the Madeiras waiting to be tasted
I was privileged recently to try some wonderful Madeiras in a tasting that marked 200 years since the founding of Blandys as a Madeira producer in 1811.
I have long been a theoretical fan of Madeira, it is an amazing wine, but I cannot claim to have drunk or tasted much of it in my life. I have always – unfairly – lumped it in with Port and Sherry, both of which I appreciate yet hardly ever drink. Truth to tell, I find Sherry hard work and by the time I think of drinking Port I have usually had quite enough alcohol already.
Early on in my career I volunteered to do some of the pouring at a Madeira tasting, for Les Amis du Vin wine club. It was at the Charring Cross Hotel in London and my reward was two half-filled leftover bottles of Madeira to take home. So I duly carried a bottle from the 1870s in one hand and a 1910 in the other – past all the down and outs (a novel feature of London in the early 1980s) who were holding their bottles – meths or cider I expect, so I fitted right in.
Sadly my tasting notes have long gone – I have high hopes that today’s computerised versions cannot become lost!
However I also have wonderful memories of drinking a 1916 Vintage Malmsey one Christmas many years ago, but most of the Madeira I have tried in recent years has been pretty humble fare – always very nice, but more workaday.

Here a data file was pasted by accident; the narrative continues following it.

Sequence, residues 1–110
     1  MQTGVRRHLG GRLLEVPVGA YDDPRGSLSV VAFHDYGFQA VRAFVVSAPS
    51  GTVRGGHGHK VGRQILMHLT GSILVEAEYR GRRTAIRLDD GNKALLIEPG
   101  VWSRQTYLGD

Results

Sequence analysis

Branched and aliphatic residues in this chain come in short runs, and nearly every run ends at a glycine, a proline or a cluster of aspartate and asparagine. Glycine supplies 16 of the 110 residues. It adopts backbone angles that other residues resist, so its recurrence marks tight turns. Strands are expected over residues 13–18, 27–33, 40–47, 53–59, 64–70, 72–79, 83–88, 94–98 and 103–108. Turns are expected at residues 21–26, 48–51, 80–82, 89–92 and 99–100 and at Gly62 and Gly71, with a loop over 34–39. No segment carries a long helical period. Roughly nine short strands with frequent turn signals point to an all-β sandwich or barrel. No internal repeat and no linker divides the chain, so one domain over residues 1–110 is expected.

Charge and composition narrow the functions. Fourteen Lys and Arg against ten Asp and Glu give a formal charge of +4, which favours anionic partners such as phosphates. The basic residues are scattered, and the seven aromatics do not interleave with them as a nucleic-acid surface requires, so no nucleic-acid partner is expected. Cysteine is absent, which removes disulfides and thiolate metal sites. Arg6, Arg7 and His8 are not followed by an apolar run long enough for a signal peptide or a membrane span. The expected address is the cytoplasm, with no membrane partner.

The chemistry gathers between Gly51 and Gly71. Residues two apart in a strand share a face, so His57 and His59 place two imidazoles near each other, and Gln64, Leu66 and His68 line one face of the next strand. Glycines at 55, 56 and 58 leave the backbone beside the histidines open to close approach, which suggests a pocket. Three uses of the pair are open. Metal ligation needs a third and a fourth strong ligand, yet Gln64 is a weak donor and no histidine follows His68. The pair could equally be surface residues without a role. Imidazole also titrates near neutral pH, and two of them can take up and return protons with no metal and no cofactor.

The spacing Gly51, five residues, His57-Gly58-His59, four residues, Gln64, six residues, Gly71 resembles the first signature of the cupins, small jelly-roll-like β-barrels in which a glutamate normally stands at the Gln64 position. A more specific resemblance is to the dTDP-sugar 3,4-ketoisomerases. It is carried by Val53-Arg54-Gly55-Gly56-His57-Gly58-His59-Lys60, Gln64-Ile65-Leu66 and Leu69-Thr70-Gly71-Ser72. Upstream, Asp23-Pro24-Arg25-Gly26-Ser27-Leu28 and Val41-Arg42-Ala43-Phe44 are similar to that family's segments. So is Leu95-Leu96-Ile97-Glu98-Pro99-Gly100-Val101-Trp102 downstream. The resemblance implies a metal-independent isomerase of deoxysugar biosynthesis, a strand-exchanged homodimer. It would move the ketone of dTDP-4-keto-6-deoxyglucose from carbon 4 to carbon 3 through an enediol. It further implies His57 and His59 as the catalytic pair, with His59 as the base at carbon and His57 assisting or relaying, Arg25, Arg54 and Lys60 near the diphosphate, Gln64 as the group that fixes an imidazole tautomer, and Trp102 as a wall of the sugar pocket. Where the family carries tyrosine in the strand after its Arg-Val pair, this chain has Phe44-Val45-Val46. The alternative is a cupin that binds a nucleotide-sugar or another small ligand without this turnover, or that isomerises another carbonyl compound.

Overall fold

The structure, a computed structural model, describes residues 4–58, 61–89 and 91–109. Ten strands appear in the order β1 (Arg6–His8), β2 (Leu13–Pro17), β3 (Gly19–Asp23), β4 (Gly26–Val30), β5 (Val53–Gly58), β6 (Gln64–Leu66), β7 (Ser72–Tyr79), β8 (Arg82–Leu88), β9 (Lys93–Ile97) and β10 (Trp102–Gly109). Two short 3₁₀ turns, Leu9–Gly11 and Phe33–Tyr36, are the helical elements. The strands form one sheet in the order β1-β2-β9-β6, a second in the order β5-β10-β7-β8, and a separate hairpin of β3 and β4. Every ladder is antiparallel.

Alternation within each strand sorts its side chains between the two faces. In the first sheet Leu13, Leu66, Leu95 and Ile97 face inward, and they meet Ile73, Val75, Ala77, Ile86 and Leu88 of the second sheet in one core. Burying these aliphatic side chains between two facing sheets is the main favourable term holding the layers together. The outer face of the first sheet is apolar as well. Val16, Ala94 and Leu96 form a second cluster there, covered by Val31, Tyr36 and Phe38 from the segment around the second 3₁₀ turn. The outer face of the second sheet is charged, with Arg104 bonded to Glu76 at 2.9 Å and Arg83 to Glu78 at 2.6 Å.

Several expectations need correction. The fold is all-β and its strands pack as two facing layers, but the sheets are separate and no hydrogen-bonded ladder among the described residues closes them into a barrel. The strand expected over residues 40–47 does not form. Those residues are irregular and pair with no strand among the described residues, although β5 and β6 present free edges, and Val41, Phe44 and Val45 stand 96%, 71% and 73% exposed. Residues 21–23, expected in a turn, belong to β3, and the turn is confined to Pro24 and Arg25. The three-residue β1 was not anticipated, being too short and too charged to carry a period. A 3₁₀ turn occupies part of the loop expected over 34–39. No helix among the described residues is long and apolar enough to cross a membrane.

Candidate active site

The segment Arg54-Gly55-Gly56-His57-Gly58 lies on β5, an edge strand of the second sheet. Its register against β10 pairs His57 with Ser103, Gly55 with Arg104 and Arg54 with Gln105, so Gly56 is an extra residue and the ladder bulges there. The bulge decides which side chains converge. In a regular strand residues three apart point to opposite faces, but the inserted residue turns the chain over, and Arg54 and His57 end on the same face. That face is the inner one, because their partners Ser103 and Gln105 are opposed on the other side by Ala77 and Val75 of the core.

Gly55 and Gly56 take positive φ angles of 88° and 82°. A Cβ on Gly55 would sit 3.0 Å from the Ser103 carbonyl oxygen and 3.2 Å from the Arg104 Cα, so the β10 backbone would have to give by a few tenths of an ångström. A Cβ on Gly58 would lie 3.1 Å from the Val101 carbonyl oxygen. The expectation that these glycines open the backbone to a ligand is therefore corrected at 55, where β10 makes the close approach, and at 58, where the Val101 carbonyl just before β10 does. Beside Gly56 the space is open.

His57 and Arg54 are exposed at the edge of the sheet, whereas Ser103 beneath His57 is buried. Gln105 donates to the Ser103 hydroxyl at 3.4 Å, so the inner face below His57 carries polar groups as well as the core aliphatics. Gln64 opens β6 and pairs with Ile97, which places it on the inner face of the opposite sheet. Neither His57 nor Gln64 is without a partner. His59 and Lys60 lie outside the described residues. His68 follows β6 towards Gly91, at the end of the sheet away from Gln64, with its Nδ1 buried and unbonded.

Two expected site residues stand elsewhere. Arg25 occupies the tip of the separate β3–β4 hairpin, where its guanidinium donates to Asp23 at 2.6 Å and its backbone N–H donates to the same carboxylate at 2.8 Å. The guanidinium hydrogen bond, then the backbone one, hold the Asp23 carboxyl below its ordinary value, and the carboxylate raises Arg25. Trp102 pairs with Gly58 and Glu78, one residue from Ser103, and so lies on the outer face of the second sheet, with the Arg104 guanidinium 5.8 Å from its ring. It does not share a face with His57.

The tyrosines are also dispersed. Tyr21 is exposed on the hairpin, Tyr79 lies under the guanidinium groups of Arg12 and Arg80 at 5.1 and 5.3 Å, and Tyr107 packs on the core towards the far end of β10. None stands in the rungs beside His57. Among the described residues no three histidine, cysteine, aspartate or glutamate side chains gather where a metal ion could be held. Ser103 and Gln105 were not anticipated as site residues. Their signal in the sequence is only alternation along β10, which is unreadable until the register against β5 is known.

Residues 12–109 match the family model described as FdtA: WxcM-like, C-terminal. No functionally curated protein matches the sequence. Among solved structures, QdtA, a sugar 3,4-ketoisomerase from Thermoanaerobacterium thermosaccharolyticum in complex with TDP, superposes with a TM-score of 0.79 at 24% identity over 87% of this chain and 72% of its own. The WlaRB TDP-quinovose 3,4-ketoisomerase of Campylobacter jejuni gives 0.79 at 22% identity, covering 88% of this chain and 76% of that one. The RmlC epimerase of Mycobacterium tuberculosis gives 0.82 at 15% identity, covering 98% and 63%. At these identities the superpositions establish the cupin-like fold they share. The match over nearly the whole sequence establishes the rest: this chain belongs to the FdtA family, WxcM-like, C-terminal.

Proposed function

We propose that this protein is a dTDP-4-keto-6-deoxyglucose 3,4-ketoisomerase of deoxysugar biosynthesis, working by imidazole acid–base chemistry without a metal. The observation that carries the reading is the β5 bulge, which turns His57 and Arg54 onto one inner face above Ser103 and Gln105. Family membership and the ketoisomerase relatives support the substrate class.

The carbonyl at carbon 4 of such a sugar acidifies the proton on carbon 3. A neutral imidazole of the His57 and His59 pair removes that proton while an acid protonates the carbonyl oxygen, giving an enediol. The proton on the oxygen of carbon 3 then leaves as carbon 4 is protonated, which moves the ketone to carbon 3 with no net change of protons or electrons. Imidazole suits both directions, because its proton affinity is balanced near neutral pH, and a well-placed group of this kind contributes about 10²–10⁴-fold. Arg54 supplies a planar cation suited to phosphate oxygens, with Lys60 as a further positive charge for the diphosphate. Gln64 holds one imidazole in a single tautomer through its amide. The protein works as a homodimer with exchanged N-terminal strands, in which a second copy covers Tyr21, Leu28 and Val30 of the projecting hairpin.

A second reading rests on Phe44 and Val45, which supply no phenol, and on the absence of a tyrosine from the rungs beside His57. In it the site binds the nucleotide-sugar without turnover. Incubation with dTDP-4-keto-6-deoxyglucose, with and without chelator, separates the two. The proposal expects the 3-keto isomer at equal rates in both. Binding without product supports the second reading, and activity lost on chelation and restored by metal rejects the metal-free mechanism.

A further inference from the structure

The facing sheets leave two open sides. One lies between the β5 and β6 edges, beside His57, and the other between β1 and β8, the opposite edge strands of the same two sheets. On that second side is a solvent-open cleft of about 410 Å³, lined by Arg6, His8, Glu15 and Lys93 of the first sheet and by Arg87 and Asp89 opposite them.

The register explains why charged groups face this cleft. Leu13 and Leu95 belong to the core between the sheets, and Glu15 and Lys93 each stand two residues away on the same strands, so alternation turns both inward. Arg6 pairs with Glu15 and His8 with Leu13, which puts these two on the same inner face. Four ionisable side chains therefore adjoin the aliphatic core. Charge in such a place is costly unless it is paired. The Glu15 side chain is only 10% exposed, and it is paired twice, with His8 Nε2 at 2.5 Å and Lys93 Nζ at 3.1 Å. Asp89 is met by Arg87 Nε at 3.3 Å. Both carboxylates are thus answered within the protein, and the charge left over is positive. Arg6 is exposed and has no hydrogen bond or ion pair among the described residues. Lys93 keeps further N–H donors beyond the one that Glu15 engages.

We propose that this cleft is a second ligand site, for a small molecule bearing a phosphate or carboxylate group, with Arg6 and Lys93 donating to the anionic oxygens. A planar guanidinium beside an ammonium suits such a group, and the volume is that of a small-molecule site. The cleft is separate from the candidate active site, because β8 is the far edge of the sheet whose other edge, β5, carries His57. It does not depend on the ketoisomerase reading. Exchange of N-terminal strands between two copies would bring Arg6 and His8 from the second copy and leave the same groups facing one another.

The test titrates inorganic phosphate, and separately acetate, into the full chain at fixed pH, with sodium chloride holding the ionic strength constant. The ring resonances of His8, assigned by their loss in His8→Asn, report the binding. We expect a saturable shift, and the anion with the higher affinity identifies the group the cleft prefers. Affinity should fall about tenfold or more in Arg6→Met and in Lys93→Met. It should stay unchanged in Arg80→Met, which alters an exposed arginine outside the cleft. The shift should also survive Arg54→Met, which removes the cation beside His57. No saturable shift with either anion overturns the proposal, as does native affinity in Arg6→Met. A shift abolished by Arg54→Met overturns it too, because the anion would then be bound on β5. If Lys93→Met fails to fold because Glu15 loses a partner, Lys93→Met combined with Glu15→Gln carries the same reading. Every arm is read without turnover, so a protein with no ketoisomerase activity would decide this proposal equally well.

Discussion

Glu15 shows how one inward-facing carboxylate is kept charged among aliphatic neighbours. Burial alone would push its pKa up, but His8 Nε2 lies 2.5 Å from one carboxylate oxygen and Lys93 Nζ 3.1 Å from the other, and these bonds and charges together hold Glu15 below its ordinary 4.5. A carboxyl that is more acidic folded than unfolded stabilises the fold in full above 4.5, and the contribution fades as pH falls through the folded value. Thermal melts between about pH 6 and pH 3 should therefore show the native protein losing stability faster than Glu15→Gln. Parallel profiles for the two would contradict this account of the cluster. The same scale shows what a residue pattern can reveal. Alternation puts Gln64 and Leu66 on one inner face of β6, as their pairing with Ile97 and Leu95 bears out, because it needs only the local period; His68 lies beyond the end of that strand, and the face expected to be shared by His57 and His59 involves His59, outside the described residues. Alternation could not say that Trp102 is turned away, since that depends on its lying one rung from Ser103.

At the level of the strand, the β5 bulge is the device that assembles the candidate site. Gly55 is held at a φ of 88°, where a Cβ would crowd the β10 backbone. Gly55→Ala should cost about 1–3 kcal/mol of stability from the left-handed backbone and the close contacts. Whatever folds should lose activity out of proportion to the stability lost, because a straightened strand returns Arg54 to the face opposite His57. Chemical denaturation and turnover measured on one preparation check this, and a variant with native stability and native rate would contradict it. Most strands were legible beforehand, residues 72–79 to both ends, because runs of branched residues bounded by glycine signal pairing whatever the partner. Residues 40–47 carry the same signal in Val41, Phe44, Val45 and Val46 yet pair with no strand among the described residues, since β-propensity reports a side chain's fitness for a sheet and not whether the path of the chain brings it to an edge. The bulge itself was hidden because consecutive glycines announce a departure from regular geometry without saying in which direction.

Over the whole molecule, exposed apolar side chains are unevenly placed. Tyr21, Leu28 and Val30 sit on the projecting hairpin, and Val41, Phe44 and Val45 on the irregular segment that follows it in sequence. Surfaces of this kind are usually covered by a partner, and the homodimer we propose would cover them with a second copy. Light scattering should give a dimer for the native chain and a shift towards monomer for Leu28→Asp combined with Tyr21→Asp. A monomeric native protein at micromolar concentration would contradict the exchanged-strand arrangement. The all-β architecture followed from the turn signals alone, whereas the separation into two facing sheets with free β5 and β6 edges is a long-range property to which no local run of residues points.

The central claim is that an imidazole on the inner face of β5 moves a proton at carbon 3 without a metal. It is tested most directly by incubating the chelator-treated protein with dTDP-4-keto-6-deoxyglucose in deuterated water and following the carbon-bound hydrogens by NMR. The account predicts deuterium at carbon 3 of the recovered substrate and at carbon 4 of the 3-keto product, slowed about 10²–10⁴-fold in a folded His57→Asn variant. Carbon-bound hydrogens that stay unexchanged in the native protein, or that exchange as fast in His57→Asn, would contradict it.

The examples that Blandys served were certainly not that. They were incredibly fine, complex and fascinating wines that were all hugely enjoyable too. In a world of young, fruit forward wines it was fabulous to try something so very different – Madeira is an absolute classic of the old fashioned wine industry. It is very eighteenth and nineteenth century with its story closely linked to that of Europe’s colonial expansion. Madeira was the very last European port of call for a ship going just about anywhere, so was the last chance to replenish the wine supplies. As a consequence a vast amount of Madeira wine was shipped to the Americas – it seems that the signing of the Declaration of Independence was toasted with Madeira – as well as Australia and India et al. All the heating and cooling the wine endured during the voyages when crossing and recrossing the equator appears to have done it no harm at all. On the contrary, it seems to have sort of pasteurised it and made the stuff almost indestructable. It remains the only wine that you can leave open for decades and each glass-full will taste as fresh as the first.